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VOLUME 11 , ISSUE 1 ( January-April, 2024 ) > List of Articles

Original Article

Combination of Hs-CRP and Homocysteine Levels as Predictors of Short-term Outcome in Acute Ischemic Stroke

Gaurab Bhaduri, Chanchal K Jana, Shatavisa Mukherjee, Shambo S Samajdar

Keywords : Acute ischemic stroke, High-sensitive C-reactive protein, Homocysteine, Outcome

Citation Information : Bhaduri G, Jana CK, Mukherjee S, Samajdar SS. Combination of Hs-CRP and Homocysteine Levels as Predictors of Short-term Outcome in Acute Ischemic Stroke. Bengal Physician Journal 2024; 11 (1):8-13.

DOI: 10.5005/jp-journals-10070-8035

License: CC BY-NC 4.0

Published Online: 18-04-2024

Copyright Statement:  Copyright © 2024; The Author(s).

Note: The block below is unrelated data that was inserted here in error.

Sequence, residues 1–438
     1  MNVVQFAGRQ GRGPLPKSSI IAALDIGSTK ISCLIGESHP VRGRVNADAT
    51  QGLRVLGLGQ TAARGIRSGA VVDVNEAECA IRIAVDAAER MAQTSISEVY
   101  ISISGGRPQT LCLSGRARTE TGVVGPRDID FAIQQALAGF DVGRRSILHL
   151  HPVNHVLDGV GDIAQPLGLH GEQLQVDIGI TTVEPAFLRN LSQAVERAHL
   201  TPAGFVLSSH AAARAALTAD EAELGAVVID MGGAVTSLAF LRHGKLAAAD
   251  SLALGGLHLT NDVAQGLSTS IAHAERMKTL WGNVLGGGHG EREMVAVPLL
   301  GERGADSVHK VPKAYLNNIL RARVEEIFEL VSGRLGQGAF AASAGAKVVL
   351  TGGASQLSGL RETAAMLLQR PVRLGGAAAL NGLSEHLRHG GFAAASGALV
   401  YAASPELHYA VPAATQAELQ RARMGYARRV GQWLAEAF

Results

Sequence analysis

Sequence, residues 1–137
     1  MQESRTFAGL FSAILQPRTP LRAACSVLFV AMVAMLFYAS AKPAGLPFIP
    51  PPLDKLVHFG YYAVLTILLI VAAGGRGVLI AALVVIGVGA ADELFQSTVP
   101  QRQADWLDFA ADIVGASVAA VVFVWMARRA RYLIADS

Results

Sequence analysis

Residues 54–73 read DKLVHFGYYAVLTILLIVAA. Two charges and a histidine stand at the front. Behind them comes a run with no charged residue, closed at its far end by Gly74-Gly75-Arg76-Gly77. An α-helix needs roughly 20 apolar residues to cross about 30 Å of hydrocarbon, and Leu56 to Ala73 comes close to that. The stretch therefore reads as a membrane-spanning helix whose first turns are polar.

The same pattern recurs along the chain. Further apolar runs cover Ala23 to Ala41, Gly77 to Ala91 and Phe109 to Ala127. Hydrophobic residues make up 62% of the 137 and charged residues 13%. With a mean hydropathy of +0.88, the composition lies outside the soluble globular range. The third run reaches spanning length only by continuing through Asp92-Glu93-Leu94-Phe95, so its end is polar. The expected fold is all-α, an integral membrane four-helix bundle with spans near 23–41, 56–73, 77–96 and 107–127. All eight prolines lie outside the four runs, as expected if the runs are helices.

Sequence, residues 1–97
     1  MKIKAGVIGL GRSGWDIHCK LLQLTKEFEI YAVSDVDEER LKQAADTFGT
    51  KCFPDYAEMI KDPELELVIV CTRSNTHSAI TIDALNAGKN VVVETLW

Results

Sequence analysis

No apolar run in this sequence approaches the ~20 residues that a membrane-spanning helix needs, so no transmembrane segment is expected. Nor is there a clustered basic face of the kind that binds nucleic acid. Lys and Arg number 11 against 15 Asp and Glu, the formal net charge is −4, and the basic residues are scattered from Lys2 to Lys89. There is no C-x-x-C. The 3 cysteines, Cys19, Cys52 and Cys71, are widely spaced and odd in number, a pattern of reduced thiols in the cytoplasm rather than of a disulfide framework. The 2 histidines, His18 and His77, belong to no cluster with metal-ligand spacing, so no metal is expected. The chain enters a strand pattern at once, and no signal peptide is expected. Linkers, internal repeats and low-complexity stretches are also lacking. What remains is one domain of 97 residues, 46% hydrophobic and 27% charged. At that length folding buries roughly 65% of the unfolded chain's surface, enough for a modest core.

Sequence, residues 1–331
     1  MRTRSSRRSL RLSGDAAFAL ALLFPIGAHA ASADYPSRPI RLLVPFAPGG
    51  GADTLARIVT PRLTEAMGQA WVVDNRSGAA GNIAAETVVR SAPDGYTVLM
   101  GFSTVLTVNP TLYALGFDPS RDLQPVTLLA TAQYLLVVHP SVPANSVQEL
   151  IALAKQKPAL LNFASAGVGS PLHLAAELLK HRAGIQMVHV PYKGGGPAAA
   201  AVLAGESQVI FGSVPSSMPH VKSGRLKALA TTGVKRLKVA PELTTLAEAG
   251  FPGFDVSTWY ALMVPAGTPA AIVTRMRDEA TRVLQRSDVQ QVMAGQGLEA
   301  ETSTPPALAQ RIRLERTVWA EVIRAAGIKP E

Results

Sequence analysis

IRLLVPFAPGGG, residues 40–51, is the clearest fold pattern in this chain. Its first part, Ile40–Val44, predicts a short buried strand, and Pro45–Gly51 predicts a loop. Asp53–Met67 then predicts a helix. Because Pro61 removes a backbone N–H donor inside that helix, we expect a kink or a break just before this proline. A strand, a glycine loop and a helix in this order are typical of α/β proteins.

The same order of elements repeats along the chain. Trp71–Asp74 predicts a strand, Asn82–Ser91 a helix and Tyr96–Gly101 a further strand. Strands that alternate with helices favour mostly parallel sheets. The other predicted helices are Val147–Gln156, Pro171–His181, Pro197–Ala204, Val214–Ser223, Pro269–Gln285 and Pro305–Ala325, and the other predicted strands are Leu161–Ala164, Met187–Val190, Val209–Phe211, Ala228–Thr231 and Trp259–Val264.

Background: Apart from the traditional risk factors associated with stroke, several newer independent risk markers that are promising targets for modification, such as hyperhomocysteinemia, and elevated high-sensitive C-reactive protein (hs-CRP), may contribute significantly to the stroke risk. The role of elevated levels of inflammatory markers in predicting prognosis after a first ischemic stroke has been a gray area. The present study aimed to assess the clinical outcome of acute ischemic stroke patients in particular relation to hs-CRP and homocysteine (Hcy) levels within 48 hours of presentation. Methods: A prospective, observational study was carried out among admitted and diagnosed patients with acute ischemic stroke confirmed by CT/MRI scans where included patients were subjected to detailed history taking using pretested and predesigned pro forma along with thorough clinical examination using CT scan brain (non-contrast)/MRI brain. High-sensitive C-reactive protein and Hcy levels and other blood parameters were done within 48 hrs of hospital admission. Patients were scored based on the National Institute of Health Stroke Scale (NIHSS) at specified time points to assess the clinical outcome. Results were statistically analyzed. Results: Patients of cerebral infarction with elevated hs-CRP had a lower improvement score in contrast to those with non-elevated hs-CRP, who had a higher improvement. Also, patients with an elevated Hcy level had a lower mean improvement score at day 30 compared to those with normal Hcy levels. With the increasing size of the infarct, there was a lower improvement score. The higher the admission NIHSS score, the lower the improvement score in the study. High-sensitive C-reactive protein proved to be the strongest predictor for score improvement with other predictor variables like infarct size, NIHSS baseline score and Hcys also showing positive association. Conclusion: High-sensitive C-reactive protein alone comes out as the strongest predictor for the improvement in NIHSS score from the time of admission to a 30-day progress period with a prediction power of 98%.

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